In these challenging times of racial tension, political unrest and religious intolerance, the ethereal voices of sisters, brothers and priests from the Milwaukee Archdiocese of Milwaukee will join heavenward to bring a soothing balm of community compassion in a celebration of consecrated life Friday, Feb. 2, at St. Joseph Chapel in Milwaukee.
The seventh annual prayer service titled “Light Out of Darkness, Peace and Reconciliation” melds prayer with music under the direction of Charles Q. Sullivan.
The idea for the musical prayer service began in 2012 when men and women of the archdiocese gathered to consider how they might celebrate and witness to consecrated life. According to Sr. Mary Jane Wagner, SSSF, a member of the planning committee, the group decided to host a concert, “In Joyful Hope,” which featured a massed choir of more than 60 singers from a dozen or more communities.
“Each year since 2013, we have had such an event,” she said. “More recently, we had an Evening Prayer; last year a Pentecost Prayer and this year it will be a prayer service around the theme of Peace and Reconciliation.”
In addition to the Massed Choir of nearly 50 members consisting of religious community members, archdiocesan priests, lay members and associations from several community, the Chapel Singers of the School Sisters of St. Francis will also sing. Members of approximately 10 parishes will assist as singers, greeters, lectors and serving refreshments.
The hour-long service will open with several reflective hymns as a prelude, said planning committee member Sr. Marianne Siegel, SSND.
“The service itself consists of readings and sung responses with assembly participation. Janan Najeeb, from the Milwaukee Muslim Women’s Coalition, will give the reflection,” she said. “Archbishop Jerome Listecki will be the presider. This is a wonderful opportunity for all religious from the archdiocese to pray together along with the lay who support us in our ministries.”
This musical prayer service is an exciting step in recognizing inclusivity and respect for all kinds of people, said Fr. Peter Schussler, SDS, also a member of the planning committee.
“It is a crucial theme that speaks to the divisive segregation and racism here in Milwaukee, as well as addressing our entire world given the sad shape we are in at this time,” he said. “We are fortunate to have Ms. Janan Najeeb, who will offer the reflection. There are so many kinds of divisions now in our country and our world. This prayer service is one sincere effort on the part of Catholic religious, priests and laity to give witness to the possibility of the kind of conversion of heart that will foster respect, acceptance and appreciation of differences. It is this kind of approach to differences that will enrich our lives and bring us together as God’s human family. Too optimistic? Perhaps, but it is a step on the journey to fulfilling Christ’s wish that ‘all may be one.’”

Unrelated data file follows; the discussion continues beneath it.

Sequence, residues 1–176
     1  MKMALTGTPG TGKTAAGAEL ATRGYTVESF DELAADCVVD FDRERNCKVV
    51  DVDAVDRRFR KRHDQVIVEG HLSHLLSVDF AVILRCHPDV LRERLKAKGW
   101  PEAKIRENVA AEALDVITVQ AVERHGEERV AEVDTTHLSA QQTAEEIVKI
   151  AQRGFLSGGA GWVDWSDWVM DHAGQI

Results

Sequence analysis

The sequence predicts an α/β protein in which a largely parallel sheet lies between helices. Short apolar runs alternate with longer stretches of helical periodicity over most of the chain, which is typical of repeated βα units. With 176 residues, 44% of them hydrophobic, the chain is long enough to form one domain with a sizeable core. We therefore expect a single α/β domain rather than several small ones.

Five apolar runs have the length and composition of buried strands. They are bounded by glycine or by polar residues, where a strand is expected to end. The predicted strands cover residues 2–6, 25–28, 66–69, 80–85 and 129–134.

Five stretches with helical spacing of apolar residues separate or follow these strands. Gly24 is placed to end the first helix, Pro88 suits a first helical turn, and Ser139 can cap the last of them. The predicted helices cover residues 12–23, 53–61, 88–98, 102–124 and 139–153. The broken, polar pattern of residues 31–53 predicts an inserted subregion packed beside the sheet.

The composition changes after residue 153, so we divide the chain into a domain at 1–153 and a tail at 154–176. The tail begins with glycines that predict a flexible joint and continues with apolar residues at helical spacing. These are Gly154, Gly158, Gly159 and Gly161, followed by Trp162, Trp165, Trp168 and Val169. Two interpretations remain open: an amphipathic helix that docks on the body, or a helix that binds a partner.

The choir will sing a wide range, including, “Sing a New Song,” by Dan Schutte, “Christ Has Called Us To New Visions,” by Jane Parker Huber, “Your Wonderful Life,” by Francis Patrick O’Brien, and “Christ Be Our Light,” by Bernadette Farrell.
This program is important from several standpoints, said Sr. Wagner, and flooding the world with signs of understanding and focusing on what we all have in common is the antidote to so much turmoil in the world.
“Finding our common ground is a great starting point and one reason we have Ms. Najeeb offering the reflection,” said Sr. Wagner. “Once we find our common ground, we can collaborate and publicly witness our common commitment and do this together.”
Most important is the commitment between religious and the Church to the same goals, specifically, the call to stand with the voiceless in society and to uphold peace and justice in their daily lives. Sr. Wagner hopes that even more will come than the 250 who attended the prayer service last year. This service dedicated to consecrated life is an opportunity to recognize this other dimension of Church.
“The consecrated life is not as visible as it once was, perhaps because of fewer members, but also because we don’t have an opportunity to speak about what this life is all about,” she explained. “We hope our audience feels a renewed commitment to be a source of peace and reconciliation; a growing recognition of interfaith endeavors towards this goal and an appreciation of our shared vision among and beyond individual congregations and communities. We are people of hope and we stand in solidarity as a group.”